Hollywood Ending

Theatrical Release: May 3, 2002
Hollywood Ending
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Synopsis

Woody Allen writes, directs and stars in this comedy about Val Waxman, a neurotic film director trying to make a comeback. Teá Leoni is Ellie, his ex-wife who is now engaged to Hal Yeager (Treat Williams), a major film studio head. Although divorced, Ellie still recognizes that Val is the best director for Hal’s new movie about New York. Because Val is from New York, Ellie argues that he could make the film blindfolded. Although reluctant, Hal gives in and hires Val. But Val doesn’t need a blindfold when he suddenly goes blind. When no physical cause is found, Val is diagnosed with psychosomatic blindness caused by mental trauma. However, Val hasn’t done well in pictures since his Oscar win ten years ago and this may be his last chance for a comeback. With the help of his agent and the Chinese translator for his cameraman, Val tries to hide his problem. When Ellie finds out, she tries to help Val keep up the charade. But how will a picture made by a blind director turn out? Woody Allen fans may enjoy the humorous behind the scenes activity as he displays his typical neurotic character. Others may find HOLLYWOOD ENDING less stirring.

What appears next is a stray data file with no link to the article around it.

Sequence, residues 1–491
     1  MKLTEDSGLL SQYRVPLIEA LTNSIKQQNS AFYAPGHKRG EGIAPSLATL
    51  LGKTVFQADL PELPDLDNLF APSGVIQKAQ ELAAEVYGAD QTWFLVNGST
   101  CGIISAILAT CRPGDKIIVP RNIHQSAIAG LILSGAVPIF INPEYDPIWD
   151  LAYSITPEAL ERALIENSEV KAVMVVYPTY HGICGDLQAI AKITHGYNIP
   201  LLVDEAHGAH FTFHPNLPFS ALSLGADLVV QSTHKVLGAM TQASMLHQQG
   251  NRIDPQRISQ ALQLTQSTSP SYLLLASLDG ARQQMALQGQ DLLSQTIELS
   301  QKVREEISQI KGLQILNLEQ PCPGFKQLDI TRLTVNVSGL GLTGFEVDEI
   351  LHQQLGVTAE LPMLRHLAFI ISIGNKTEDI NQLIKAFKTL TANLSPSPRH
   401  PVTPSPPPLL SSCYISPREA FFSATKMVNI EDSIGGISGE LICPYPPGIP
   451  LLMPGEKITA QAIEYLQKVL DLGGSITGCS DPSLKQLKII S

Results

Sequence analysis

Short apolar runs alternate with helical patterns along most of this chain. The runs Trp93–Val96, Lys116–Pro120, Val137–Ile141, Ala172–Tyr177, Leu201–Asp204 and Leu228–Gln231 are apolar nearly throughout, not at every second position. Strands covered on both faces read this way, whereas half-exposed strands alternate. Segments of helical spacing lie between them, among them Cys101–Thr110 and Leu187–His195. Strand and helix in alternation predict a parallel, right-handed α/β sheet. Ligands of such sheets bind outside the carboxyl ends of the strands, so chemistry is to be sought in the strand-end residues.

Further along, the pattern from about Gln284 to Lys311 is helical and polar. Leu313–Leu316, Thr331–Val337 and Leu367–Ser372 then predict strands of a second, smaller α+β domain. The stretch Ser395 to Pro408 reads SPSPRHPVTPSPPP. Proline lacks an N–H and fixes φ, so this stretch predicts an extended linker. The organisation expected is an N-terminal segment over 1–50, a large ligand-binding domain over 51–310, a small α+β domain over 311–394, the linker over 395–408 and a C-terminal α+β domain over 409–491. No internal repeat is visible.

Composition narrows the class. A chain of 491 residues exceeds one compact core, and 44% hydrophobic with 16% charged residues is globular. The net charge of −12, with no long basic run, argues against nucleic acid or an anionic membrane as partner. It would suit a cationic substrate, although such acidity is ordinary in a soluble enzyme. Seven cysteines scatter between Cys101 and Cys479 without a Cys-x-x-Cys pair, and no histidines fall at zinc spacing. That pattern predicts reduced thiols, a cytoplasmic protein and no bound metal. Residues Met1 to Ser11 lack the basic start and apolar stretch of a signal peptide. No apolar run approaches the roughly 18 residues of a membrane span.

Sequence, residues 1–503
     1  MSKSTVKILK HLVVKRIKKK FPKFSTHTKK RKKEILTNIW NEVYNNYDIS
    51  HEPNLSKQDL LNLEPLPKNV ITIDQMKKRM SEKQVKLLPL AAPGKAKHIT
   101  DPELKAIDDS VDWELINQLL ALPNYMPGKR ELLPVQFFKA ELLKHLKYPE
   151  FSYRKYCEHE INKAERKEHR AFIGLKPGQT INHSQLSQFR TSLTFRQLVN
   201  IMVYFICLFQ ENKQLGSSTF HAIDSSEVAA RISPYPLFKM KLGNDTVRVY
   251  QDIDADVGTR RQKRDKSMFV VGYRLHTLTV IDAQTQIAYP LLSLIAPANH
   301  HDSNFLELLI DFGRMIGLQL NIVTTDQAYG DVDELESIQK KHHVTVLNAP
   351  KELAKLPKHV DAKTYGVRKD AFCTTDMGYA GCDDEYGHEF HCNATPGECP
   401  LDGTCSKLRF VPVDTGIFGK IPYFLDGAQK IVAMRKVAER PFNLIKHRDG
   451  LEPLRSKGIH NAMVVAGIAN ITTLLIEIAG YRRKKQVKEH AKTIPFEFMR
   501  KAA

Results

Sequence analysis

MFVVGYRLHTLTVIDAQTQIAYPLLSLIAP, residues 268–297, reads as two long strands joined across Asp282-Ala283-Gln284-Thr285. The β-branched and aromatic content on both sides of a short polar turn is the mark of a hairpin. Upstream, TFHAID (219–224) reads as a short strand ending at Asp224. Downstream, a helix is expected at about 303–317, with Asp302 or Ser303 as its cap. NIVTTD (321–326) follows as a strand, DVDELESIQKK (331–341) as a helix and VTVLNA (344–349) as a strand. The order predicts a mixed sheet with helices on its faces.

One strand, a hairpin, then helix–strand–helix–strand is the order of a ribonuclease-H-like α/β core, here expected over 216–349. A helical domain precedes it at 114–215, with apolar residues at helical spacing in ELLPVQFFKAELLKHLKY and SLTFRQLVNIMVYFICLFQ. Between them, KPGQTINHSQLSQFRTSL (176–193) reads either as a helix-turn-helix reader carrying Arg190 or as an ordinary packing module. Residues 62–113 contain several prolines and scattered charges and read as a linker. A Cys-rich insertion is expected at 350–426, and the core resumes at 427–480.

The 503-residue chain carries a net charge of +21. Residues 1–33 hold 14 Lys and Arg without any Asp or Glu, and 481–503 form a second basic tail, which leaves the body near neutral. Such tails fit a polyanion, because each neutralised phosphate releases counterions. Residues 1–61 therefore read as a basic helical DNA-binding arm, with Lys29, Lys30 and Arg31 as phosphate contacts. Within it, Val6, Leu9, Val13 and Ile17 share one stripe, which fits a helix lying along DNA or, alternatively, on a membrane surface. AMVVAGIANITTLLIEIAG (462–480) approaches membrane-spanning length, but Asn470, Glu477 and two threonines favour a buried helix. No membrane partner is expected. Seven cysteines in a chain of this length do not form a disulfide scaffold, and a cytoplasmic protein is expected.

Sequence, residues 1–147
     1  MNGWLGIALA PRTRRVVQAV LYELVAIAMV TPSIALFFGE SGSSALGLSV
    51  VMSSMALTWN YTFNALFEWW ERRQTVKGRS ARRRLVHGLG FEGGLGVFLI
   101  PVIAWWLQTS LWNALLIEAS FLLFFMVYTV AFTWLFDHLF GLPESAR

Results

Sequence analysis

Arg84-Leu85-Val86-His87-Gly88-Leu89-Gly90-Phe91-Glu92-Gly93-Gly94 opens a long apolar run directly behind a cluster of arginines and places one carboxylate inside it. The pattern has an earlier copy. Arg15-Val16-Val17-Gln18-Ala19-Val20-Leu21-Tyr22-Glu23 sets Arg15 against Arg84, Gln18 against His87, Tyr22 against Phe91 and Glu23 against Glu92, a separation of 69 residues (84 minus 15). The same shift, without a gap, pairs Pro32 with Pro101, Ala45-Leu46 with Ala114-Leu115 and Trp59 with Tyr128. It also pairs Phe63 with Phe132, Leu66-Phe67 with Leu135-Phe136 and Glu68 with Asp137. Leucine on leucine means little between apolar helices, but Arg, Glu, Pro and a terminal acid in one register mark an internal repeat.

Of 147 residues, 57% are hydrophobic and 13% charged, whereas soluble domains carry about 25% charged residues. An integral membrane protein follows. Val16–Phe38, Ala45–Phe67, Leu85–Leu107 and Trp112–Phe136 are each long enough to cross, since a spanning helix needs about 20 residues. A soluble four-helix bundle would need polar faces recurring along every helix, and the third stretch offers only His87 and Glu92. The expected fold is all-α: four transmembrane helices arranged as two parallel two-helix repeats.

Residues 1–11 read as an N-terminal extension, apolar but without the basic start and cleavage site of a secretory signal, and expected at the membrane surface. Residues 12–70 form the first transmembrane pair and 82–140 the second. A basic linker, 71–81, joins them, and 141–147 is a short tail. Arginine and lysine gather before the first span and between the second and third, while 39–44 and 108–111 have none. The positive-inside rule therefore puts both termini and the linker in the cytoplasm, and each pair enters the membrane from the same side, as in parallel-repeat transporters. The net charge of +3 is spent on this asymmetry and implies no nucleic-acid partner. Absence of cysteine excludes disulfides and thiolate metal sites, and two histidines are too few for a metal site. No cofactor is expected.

Dove Review

Although it takes place with film industry characters, both Val and Ellie are living with others and pre-marital relationships are taken as normal. Val’s therapist eventually believes the blindness is based in Val’s need to reconcile with his estranged rock musician son. Along with several discussions about sex, one scene features an actress in skimpy underwear who offers to do anything sexual for the director. Although no obscenities are heard, numerous profanities punctuate the dialogue. Despite the positive demonstration of loyalty to Val by his agent and ex-wife, as well as restoration of the relationship with his son, HOLLYWOOD ENDING offers too many mis-guided messages about sexual relations and profane dialogue.

Content Description

Info

Company: DreamWorks
Genre: Comedy
Runtime: 114 min.
Industry Rating: PG-13
Reviewer: Movie Morality Ministries - Paul Bicking